We observe a unique tradition at my house every four years.
We watch the Winter Olympics on television.
OK, maybe lots of families watch the Winter Olympics on television.
But while we’re watching the Winter Olympics on television, we also make and eat foods popular in the host country.
For example, in 1998, we made stir fry. (Shout out to Nagano!)
In 2006, we made pizza and also spaghetti and meatballs. (Ciao, Turin!)
In 2014, we made soup and called it borscht. We also served salad topped with – you got it – Russian dressing. (Sochi, we salute you!)
This year, with the games in Pyeongchang, South Korea, we’re making bulgogi, bibimbop, kimchi and sam gae tang.
I got the names of those dishes a minute ago by googling an interesting article that John Greenman, our former publisher here at the Ledger-Enquirer, wrote for us last year about local Korean cuisine.
Bulgogi is, and I’m quoting Greenman here, “seasoned beef in a savory sauce, sliced thin and broiled” with a “smoky sweet taste.”
Bibimbop is “mixed vegetables over rice often with a fried egg on top.” Make mine always with a fried egg on top.
Of course, kimchi, the national dish of Korea, is fermented cabbage, radish or sprouts. As Greenman says, “It’s an acquired taste.” Got it.
Sam gae tang is “a fragrant chicken-with-rice soup, flavored with ginseng, garlic and chili paste.”
It all sounds good to me, but we won’t be cooking these dishes. We’re going to get them at Korean restaurants in Columbus.
Greenman suggests these four, in alphabetical order:
• Golden Chopsticks, 3846 Saint Marys Road
• Korea House, 5507 Veterans Parkway
• Koreana, 5828 Moon Road
• Seoul Garden, 2009 S. Lumpkin Road
In case you’re wondering, TripAdvisor and Yelp contributors both rate Koreana No. 1, with the websites split on which order Korea House and Golden Chopsticks rank next.
Yelp readers rank Seoul Garden No. 4, while a fifth restaurant, Ok Sun Oriental Restaurant, 2929 Victory Circle, ranks No. 4 on TripAdvisor.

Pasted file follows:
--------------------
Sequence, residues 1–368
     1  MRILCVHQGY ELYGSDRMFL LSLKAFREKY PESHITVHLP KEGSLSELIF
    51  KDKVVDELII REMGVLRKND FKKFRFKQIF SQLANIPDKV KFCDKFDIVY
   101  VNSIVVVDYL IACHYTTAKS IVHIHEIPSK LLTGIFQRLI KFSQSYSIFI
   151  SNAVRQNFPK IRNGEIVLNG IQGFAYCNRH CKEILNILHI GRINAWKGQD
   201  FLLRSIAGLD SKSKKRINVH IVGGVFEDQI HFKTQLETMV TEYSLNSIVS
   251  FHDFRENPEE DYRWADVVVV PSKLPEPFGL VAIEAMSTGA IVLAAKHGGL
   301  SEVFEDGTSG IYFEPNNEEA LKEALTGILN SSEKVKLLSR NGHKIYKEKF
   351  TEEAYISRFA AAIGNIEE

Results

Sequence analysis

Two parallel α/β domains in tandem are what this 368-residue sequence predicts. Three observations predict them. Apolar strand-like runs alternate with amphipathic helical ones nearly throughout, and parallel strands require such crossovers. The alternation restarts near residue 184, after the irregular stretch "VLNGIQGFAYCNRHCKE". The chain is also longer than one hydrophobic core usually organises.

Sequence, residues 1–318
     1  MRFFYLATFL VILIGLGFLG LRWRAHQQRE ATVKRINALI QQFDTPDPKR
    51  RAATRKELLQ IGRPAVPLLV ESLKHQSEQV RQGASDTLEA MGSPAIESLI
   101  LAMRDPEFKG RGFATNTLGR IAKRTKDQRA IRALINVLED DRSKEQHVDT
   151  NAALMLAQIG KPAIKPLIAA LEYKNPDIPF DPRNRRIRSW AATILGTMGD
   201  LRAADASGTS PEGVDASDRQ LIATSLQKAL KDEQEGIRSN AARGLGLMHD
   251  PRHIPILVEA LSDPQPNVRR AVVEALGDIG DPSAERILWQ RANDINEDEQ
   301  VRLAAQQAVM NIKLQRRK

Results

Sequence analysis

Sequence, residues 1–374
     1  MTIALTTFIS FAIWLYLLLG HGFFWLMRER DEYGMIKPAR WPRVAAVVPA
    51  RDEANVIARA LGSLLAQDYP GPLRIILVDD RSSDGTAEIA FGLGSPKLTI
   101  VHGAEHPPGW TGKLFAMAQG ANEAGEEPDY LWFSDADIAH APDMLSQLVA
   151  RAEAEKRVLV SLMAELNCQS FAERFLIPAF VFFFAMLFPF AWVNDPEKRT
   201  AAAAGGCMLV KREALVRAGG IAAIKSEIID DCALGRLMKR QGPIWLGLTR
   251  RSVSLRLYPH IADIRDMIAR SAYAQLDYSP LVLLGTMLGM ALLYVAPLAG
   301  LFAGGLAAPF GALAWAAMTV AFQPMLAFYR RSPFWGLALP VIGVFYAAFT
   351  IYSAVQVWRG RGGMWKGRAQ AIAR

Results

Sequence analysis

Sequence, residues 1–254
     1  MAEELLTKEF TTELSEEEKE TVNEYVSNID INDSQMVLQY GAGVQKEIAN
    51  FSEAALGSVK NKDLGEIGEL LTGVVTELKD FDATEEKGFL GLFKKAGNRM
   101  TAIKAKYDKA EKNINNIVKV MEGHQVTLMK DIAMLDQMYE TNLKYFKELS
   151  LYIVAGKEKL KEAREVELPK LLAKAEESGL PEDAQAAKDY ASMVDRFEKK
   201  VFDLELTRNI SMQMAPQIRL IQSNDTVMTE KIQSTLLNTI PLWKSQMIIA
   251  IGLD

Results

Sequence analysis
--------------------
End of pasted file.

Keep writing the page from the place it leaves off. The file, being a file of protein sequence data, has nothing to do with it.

So this year, as part of our tradition, our family will be watching the Winter Olympics and eating takeout Korean food.
Oh yeah, and Bess and I will be telling the kids the same story we tell every year at this time.
It’s a story so great that our two oldest children considered attending college in Columbus instead of Athens just so they could hear it for another four years.
Alas, they did not.
The gist is that when we were newlyweds living in Germany, Bess suggested we attend the Winter Olympics in Albertville, France. Her family had towed a pop-up camper to Montreal in 1976 to see the decathlete now formerly known as Bruce Jenner win a gold medal, and she thought it would be fun to see obscure athletic events in a wintry setting.
I don’t think she had camping in mind, but when we were able to score event tickets but not hotel rooms, we rented a bunch of extreme cold-weather gear from Army Morale, Welfare and Recreation and did just that.
Our favorite event was bobsledding, during which we climbed to the top of the run in time to see Herschel Walker push his team’s sled out of the gate, fold down the handle, and hop in the back.
Ah, memories, this year served up with Korean food.
Enjoy the games. We will.